Three-fifths (60%) of US organizations have experienced security incidents related to their use of containers over the past year, according to new research from Tripwire.
The vendor polled over 300 IT security professionals who manage these environments at firms of over 100 employees to better understand the challenges associated with deployment of the lightweight software packages.
The figure for security incidents jumps to 75% for respondents with more than 100 containers in production.
Worryingly, the report also found that of the vast majority (86%) of respondents with containers currently in production, 47% had deployed images containing known vulnerabilities, while a similar number (46%) didn’t know if the containers were affected by flaws or not.
Most (98%) said they need additional security capabilities to help them. Areas where security concerns are greatest include a lack of in-house expertise, limited visibility into the status of deployments and an inability to assess risk prior to deployment, the poll found.
Popularized by vendors like Docker, containers are increasingly favored by developers as they provide a more portable, efficient alternative to virtual machines. They are particularly good at ensuring software works across hybrid cloud environments.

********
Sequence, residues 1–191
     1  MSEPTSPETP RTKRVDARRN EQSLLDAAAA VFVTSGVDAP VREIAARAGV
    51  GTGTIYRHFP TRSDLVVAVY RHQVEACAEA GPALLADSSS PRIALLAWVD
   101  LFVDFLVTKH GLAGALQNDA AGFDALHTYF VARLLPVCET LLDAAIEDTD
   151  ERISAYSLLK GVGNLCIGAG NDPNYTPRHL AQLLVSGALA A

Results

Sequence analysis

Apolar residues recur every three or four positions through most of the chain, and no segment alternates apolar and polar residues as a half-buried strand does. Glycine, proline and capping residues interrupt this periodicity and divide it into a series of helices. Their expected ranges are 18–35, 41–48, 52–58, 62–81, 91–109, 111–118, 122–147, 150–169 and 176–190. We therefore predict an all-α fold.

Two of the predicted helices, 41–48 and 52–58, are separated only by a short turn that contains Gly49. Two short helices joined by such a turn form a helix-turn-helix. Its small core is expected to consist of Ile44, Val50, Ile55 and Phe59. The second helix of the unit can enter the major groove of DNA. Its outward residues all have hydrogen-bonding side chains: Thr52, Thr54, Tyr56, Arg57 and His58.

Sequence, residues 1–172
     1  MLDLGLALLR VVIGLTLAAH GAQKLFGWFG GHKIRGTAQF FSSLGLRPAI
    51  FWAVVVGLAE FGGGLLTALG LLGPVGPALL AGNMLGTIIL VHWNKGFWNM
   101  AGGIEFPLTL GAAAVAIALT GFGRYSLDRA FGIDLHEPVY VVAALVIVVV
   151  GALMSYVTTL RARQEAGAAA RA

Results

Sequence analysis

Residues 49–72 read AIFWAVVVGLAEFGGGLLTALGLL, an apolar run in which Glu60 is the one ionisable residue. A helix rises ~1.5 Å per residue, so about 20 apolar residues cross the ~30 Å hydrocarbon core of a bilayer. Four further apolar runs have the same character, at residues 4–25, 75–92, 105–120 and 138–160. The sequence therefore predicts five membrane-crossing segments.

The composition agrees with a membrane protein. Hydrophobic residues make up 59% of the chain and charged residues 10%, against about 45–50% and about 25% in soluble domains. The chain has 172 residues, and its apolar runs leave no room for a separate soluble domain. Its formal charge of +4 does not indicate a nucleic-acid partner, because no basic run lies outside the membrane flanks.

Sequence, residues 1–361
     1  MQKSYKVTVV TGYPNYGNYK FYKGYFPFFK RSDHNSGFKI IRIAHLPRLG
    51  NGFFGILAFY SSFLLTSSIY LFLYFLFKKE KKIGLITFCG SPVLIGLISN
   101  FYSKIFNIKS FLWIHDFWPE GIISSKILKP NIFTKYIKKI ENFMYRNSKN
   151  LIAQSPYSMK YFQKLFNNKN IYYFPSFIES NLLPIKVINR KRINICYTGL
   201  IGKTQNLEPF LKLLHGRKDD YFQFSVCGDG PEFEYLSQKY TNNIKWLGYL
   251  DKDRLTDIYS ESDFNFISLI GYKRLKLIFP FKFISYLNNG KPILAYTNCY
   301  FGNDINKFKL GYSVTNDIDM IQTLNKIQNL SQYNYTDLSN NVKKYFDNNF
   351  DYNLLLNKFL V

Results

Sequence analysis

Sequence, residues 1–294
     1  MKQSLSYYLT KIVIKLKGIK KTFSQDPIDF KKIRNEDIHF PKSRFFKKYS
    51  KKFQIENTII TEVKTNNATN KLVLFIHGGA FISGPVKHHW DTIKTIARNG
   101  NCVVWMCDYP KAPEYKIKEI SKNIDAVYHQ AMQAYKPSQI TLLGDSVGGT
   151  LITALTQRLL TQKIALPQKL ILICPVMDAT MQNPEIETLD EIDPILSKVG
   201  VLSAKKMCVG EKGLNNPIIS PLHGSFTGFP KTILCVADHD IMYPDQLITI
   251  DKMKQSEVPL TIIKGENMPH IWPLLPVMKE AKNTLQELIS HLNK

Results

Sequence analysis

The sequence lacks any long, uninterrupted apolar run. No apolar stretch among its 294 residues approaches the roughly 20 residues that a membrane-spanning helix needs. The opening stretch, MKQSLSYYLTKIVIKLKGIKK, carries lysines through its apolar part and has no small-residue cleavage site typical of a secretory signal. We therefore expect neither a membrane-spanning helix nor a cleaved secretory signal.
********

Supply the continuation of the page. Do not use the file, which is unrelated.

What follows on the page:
However, organizations are being held back by security concerns: 42% of respondents to the Tripwire research claimed they had delayed or limited adoption due to cyber risk.
The firm’s vice president of product management and strategy, Tim Erlin, claimed the findings were “concerning, but not surprising.”
“With the increased growth and adoption of containers, organizations are feeling the pressure to speed their deployment,” he added. “To keep up with the demand, teams are accepting risks by not securing containers. Based on what this study found, we can see that the result is a majority of organizations experiencing container security incidents.”
Just last month, a critical vulnerability was found in popular container orchestration platform Kubernetes which could allow hackers to remotely control targeted systems.